As I read the criticism of Obama’s centrist positions, I’m really getting fed up with the whining from the left. “He’s not doing it right!” Since when do liberals think they rule the country. As evidenced by the President-elect’s defense against the gay community regarding Pastor Rick Warren doing the inaugural invocation, he has a backbone and I hope he sticks with it. People need to acknowledge the center of the country won the election for Obama, and his appointments of balance reflect his long-held belief about bringing Democrats, Republicans and Independents to the table to shape the future. I consider myself a centrist, and am very happy with the approach Obama has taken during the transition.
I’m tired of all the complaints. “Richardson got a consolation prize!” “What about appointing a gay?” “How come not more Asians?” These people are just as annoying as the Sean Hannitys of the world. My singular concern is this: what is good for Americans? I don’t care for splitting it up into certain kinds of Americans. This country has major problems affecting all, so to start pushing for issues that only apply to specific groups is not, in my opinion, what this country needs. Obama has nothing to apologize to the left for, and his main responsibility is to try to heal the nation as a whole. I hope he holds his position.
Try these examples on for size: jobs, health care, taxes, energy, war. No matter how you slice it, these are the top issues, and they affect every American. So finding positions for people based on what group they represent isn’t really high on the list right now. Regarding Rick Warren, I find it more offensive that before the Saddlebrook Presidential debate he told his audience, and the viewers, that John McCain was in a ‘cone of silence’ when he really wasn’t. If he didn’t know whether he was or not, he shouldn’t have said it. But he did, and that is dishonest. He has his view on gay marriage, and he is entitled to it.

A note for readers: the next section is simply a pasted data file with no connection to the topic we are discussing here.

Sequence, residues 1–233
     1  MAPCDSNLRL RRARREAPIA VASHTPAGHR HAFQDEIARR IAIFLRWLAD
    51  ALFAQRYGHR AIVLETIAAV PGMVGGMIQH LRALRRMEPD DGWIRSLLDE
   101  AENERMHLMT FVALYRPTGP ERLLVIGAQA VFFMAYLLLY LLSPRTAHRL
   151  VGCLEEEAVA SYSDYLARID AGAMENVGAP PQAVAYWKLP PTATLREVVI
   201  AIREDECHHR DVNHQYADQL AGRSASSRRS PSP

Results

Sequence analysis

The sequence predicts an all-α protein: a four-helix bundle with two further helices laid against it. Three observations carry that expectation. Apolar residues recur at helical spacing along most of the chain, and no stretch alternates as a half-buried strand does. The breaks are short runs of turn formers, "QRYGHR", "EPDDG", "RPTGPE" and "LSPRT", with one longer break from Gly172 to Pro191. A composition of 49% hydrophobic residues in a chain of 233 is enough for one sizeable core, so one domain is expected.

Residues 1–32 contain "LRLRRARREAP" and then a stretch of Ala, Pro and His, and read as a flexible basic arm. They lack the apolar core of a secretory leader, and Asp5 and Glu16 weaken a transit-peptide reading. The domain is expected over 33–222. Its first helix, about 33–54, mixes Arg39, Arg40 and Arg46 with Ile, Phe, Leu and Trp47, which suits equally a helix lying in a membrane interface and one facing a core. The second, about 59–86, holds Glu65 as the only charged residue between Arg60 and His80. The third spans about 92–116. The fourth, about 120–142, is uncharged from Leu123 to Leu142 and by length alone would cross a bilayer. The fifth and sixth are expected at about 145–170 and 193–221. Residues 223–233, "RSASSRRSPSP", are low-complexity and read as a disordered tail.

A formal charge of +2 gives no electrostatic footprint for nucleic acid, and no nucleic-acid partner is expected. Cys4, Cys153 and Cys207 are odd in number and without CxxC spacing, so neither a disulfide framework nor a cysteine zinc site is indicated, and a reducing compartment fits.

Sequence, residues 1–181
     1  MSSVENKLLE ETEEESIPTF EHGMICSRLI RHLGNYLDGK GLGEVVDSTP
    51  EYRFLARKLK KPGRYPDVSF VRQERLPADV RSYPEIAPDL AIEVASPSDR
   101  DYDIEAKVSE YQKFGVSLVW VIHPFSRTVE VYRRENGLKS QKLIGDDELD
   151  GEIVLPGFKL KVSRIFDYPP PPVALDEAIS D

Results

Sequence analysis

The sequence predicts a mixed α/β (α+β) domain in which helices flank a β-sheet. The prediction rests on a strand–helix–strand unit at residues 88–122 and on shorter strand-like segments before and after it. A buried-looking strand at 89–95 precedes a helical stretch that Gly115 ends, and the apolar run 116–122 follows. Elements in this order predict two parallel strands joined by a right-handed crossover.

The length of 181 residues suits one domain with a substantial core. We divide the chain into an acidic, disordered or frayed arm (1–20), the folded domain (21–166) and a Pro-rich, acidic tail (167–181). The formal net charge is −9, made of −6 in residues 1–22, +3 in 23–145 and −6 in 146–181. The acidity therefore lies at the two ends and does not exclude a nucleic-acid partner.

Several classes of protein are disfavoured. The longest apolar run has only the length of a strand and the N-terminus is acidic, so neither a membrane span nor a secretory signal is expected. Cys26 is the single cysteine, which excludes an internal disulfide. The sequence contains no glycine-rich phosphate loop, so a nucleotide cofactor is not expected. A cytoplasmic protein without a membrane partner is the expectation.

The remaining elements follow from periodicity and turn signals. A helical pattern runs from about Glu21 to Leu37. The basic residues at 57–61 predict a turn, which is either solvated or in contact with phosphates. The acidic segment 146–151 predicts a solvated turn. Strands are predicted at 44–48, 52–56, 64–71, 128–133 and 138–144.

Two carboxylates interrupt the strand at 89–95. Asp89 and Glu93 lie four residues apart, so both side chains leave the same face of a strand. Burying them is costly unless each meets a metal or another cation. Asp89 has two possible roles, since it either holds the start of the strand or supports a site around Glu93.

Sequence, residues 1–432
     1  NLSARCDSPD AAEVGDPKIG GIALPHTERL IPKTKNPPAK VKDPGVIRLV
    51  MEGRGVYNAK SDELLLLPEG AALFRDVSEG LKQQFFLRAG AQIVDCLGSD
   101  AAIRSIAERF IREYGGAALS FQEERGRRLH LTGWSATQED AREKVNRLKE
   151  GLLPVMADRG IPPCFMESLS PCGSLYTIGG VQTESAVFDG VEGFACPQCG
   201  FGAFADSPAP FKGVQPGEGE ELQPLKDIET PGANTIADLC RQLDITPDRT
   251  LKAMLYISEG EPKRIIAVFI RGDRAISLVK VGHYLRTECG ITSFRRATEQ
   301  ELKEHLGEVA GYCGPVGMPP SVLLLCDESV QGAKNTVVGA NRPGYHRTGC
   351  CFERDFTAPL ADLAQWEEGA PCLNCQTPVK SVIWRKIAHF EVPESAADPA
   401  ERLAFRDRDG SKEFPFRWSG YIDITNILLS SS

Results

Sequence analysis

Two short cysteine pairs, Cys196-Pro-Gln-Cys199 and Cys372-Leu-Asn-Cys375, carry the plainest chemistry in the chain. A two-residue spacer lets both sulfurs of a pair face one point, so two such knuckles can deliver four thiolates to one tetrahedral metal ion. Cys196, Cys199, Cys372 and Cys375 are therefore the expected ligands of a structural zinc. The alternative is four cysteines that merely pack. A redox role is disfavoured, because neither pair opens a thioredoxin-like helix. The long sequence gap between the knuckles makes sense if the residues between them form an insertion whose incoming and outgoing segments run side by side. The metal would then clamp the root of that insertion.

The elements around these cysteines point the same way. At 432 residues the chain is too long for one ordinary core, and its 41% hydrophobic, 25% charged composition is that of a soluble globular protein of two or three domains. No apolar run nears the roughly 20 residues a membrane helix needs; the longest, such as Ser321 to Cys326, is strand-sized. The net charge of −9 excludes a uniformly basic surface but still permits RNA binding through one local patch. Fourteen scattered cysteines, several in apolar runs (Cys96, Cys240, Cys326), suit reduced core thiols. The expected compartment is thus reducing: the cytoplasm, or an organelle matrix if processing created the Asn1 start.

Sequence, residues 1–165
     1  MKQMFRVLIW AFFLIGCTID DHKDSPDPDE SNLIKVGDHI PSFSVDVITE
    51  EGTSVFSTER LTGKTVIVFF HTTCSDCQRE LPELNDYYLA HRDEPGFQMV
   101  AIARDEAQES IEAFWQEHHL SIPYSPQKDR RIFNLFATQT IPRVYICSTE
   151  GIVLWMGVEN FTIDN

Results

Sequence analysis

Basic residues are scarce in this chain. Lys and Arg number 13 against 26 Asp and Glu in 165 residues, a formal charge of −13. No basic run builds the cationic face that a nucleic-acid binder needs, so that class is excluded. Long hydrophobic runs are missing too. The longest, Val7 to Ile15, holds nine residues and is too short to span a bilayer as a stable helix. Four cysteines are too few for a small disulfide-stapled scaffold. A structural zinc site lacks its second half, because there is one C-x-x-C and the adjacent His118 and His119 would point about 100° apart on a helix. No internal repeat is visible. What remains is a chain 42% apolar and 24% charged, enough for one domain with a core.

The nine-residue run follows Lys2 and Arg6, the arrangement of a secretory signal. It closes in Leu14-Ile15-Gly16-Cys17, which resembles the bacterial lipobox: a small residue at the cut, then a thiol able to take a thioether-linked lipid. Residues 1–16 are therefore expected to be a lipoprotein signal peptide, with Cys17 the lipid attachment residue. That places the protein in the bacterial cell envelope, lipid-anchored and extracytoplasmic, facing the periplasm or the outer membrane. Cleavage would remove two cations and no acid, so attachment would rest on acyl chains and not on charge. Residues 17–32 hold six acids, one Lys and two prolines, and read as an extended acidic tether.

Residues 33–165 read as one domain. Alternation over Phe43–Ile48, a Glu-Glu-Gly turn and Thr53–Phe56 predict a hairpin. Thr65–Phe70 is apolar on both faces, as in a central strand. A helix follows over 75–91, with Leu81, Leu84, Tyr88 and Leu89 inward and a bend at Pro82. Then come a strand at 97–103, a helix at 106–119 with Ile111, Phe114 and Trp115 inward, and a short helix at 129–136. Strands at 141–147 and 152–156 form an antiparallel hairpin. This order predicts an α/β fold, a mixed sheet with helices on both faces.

The problem with the left taking credit for Obama is that it minimizes the contribution of many other Americans who voted for him. It’s arrogant and intellectually dishonest. Were they ever going to vote for John McCain? Absolutely not. Yet they carry the tone of “Where would he be without us?” And now they act like he’s indebted to them. If they feel that way, they can go ahead and vote Republican in 2012. I hear Sarah Palin might run. Good luck with that! Or they can pick a more liberal candidate, and hand it over to President Palin. Because they’ll lose. Again.
I’ve been following this campaign for the last year and a half, and I’ll say this: Anyone who is surprised at the moves Obama is making was not listening. The positions he’s been taking have long been a part of his platform and message. And I’m glad about it. I hope he continues to follow his vision. Because that’s why I supported him in the first place. I suspect I’m not alone. I heard Colin Powell talking about being in “the sensible center”. I believe most of America can get on board with that. I’m fed up with gridlock, and the left’s issues are the kind that keep us stuck in the same crap.
In the end, I hope Obama keeps doing what he’s doing, and governs from the center. He is not the left’s President. He’s OUR President.